In 1882, Saddiq Muhammed Khan Abassi IV, the Nawab of Bahawalpur, ordered a silver-encrusted bed. The design—in fairness it should be said that it is not known whether it was his own fantasy or one dreamed up by his European agents—was despatched to Christofle in Paris calling for a bed of “dark wood decorated with applied sterling with gilded parts, monograms and arms, ornamented with four life-size bronze figures (of naked females) painted in flesh colour with natural hair, movable eyes and arms, holding fans and horse tails.”

Some 290 kilograms of silver was needed to decorate it. The four naked figures represented women of France, Spain, Italy and Greece, each with a different skin-tone and hair colour. Through ingenious mechanics linked to the mattress, the Nawab was able to set the figures in motion so that they fanned him while winking at him, against a 30-minute cycle of music from Gounod’s “Faust” generated by a music box built into the bed.

Another object crafted by top European jewellers and on display for the first time in Britain will be the Patiala Necklace, part of the largest single commission that Cartier in Paris ever executed. Completed in 1928 for Maharaja Bhupinder Singh of Patiala, it originally contained 2,930 diamonds weighing almost 1,000 carats. At about the same time, Patiala made a visit to Paris to the rival workshop of Louis Boucheron. Among his luggage were six iron chests of precious stones including numerous sapphires, rubies and pearls as well as more than 7,000 diamonds and more than 14,000 emeralds. Boucheron worked them into 149 pieces of jewellery.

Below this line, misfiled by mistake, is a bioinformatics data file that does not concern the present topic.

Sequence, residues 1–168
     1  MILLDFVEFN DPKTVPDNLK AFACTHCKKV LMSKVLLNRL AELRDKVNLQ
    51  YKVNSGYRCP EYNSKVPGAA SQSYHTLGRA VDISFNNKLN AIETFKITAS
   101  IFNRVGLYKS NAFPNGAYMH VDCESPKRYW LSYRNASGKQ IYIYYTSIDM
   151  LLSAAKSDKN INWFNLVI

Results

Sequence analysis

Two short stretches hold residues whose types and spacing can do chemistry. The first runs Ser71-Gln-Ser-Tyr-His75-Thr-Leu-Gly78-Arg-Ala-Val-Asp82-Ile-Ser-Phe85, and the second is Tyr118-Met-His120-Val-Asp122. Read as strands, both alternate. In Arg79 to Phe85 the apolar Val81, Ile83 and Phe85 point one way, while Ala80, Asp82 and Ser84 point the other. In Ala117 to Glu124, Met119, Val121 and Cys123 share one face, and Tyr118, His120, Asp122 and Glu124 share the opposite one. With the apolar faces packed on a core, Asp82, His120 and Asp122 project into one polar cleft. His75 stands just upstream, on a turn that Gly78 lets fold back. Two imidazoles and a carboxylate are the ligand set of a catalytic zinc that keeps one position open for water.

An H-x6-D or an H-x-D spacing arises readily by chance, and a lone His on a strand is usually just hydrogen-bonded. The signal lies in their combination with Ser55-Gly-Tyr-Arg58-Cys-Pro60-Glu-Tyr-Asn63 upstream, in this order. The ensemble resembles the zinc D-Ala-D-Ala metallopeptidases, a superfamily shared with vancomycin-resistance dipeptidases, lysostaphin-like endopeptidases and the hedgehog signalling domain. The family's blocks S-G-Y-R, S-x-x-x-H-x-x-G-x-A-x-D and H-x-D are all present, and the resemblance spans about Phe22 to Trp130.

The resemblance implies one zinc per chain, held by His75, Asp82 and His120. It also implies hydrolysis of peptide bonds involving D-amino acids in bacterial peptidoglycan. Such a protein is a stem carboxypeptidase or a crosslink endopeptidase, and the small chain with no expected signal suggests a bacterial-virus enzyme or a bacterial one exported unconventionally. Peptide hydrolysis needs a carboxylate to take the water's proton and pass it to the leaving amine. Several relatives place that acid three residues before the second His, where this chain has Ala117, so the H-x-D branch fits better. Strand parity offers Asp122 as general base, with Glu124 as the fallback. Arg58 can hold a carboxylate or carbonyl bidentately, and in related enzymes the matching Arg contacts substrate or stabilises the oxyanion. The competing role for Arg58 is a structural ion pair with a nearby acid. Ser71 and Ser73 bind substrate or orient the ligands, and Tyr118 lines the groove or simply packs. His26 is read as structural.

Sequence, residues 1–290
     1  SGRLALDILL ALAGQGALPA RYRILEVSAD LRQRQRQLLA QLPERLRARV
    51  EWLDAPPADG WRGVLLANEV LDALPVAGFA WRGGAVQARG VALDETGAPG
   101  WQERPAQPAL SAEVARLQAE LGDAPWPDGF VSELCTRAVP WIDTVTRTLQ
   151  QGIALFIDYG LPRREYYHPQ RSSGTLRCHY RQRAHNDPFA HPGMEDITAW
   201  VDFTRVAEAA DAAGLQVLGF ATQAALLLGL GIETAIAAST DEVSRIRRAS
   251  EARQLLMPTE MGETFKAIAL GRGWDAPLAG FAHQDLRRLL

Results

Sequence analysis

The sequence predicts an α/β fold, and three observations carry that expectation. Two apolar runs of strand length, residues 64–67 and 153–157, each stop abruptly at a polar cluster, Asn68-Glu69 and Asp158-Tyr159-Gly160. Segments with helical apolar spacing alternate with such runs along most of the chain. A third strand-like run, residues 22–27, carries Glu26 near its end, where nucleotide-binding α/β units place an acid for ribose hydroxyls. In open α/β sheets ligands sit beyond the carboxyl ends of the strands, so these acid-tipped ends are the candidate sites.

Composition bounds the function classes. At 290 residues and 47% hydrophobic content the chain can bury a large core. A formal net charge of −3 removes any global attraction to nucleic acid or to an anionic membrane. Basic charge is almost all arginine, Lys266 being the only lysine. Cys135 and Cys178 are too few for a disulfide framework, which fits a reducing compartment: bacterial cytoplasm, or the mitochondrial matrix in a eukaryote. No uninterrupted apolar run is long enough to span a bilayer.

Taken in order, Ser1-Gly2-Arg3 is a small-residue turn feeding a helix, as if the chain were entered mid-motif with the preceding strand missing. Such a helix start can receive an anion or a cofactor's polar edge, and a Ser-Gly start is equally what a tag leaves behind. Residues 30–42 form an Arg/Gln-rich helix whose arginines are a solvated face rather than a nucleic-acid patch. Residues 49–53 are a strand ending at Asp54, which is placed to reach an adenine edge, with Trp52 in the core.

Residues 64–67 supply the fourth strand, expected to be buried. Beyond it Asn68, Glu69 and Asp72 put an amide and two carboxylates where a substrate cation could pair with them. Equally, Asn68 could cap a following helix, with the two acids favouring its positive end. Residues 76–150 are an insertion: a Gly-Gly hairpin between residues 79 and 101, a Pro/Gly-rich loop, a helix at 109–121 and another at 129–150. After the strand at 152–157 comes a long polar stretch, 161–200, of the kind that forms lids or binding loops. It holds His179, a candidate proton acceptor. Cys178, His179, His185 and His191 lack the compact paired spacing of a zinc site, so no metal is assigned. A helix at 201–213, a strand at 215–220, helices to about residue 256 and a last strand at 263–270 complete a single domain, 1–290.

What may surprise visitors to the show is the large quantity of European objects from the late 19th and early 20th centuries. Many of the maharajas, encouraged by their British masters to take up western ways, did so with relish, redesigning their palaces in the “latest” European style. Anna Jackson, deputy keeper of the Asian Collection at the V&A and the exhibition curator, says that many European luxury design manufacturers were quite literally kept solvent, particularly during the Great Depression, by orders from India. Besides the Paris jewellers—where the great “English” cricketer Maharaja “Ranji” Ranjitsinhji of Nawanagar was also a regular customer—the Birmingham firm of F & C Osler supplied inordinate quantities of glass and crystal furniture to India’s palaces and had agents based permanently in India. Spode, Royal Worcester and Louis Vuitton were hugely popular and then, as now, Rolls Royce was the ultimate status symbol. India’s roads were poor, but the cars were incorporated into ceremonial processions or frequently given as extravagant dowries or wedding presents. The fleet of the Maharajas of Mysore contained no fewer than 24 Rolls Royces and Bentleys.